CONCLUSIONS

In the largest and most comprehensive study conducted to date investigating the link between objective parameters of sleep and biological rhythms and peripartum mood and anxiety, we found that a specific set of biological rhythm markers beyond sleep were associated with the trajectory of depressive and anxiety symptoms from the third trimester of pregnancy to the third postpartum month. Findings from this study emphasize the importance of stabilization of biological rhythms and activity patterns beyond sleep to maintain healthy mood and minimize anxiety during the peripartum period.

Submitted: March 15, 2021; accepted August 18, 2021.
Published online: January 18, 2022.
Potential conflicts of interest: Dr Slyepchenko has received grant support from Pfizer, outside of this work. Drs Frey, Minuzzi, and Reilly have no conflicts to disclose.
Funding/support: This study was supported in part by an award from The Research Institute of St. Joe’s Hamilton and the Teresa Cascioli Charitable Foundation Research Award in Women’s Health.
Role of the sponsor: The funders did not have any role in the design, implementation, or publication of the study.
Acknowledgments: We would like to thank Jodi Gilchrist, MSc (St Joseph’s Healthcare Hamilton, Hamilton, Ontario), and Marg Coote, MSc (St Joseph’s Healthcare Hamilton, Hamilton, Ontario), for completing the laboratory analysis of the urinary melatonin samples. We are thankful to the Community Midwives of Hamilton for their help with recruitment of study participants. Additionally, we would like to thank Gabriella Mattina, PhD (Unity Health TO, Toronto, Ontario); Melissa Furtado, MSc (McMaster University, Hamilton, Ontario); and Sawayra Owais, MSc (McMaster University, Hamilton, Ontario), for their teamwork in study recruitment. We thank Aljeena Qureshi (McMaster University, Hamilton, Ontario) for her help with quality control and data entry. None of the acknowledged individuals has any potential conflicts of interest relevant to the subject of this article.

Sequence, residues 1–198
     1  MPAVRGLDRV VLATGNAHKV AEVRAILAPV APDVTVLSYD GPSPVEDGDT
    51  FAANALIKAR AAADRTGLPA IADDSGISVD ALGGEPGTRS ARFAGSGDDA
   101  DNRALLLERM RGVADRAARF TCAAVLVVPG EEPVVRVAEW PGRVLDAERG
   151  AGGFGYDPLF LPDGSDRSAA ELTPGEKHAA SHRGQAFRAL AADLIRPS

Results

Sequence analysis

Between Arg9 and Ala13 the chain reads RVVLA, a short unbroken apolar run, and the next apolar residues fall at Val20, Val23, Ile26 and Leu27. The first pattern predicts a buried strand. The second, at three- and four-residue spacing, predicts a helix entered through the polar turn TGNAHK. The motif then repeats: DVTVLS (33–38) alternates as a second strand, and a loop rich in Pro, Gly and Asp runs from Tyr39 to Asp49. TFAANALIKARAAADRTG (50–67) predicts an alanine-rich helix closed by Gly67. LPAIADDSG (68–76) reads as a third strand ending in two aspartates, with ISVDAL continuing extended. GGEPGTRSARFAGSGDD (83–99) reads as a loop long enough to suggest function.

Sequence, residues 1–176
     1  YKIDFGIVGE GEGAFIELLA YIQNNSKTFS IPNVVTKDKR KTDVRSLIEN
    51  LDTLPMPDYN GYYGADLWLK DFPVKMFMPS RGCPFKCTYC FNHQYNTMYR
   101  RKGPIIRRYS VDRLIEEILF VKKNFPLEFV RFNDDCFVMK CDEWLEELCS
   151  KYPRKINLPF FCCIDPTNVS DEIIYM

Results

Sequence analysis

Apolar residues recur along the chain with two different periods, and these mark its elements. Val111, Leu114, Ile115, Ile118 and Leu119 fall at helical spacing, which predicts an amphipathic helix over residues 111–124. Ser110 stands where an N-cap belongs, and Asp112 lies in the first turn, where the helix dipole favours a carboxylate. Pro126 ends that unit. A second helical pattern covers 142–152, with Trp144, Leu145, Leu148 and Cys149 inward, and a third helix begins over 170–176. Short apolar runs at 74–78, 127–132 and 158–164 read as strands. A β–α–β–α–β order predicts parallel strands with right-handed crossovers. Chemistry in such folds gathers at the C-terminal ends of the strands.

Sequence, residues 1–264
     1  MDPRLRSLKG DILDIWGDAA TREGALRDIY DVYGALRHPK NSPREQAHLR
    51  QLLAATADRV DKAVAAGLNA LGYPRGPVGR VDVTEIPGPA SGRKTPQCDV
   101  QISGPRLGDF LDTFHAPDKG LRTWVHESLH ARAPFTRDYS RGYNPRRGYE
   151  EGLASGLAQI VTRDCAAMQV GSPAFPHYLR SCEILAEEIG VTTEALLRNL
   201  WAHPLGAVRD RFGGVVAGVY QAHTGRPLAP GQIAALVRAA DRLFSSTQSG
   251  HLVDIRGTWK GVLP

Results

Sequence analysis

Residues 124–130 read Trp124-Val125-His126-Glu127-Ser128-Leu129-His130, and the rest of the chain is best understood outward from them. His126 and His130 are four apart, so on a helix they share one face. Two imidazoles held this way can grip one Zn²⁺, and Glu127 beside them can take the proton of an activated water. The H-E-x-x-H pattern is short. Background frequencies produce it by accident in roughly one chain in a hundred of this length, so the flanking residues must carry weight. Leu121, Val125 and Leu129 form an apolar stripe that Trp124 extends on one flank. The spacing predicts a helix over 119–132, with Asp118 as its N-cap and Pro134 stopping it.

Supplementary material: Available at Psychiatrist.com.

Clinical Points

  • While sleep disturbance has been widely associated with increased risk for postpartum depression, much less is known about how changes in the internal clock beyond sleep are associated with worse depression and anxiety in the postpartum period.
  • Although dynamic changes in sleep patterns were observed, changes in activity and biological rhythms beyond sleep were most closely associated with depression and anxiety symptoms across the peripartum period.
  • These results can inform future interventions focused on stabilization of daily routine, sleep, light exposure, and activity patterns in the prevention of postpartum depression and anxiety worsening.

Editor’s Note: We encourage authors to submit papers for con­sideration as a part of our Focus on Women’s Mental Health section. Please contact Marlene P. Freeman, MD, at mfreeman@psychiatrist.com.

Volume: 83

Quick Links: Sleep-Wake , Women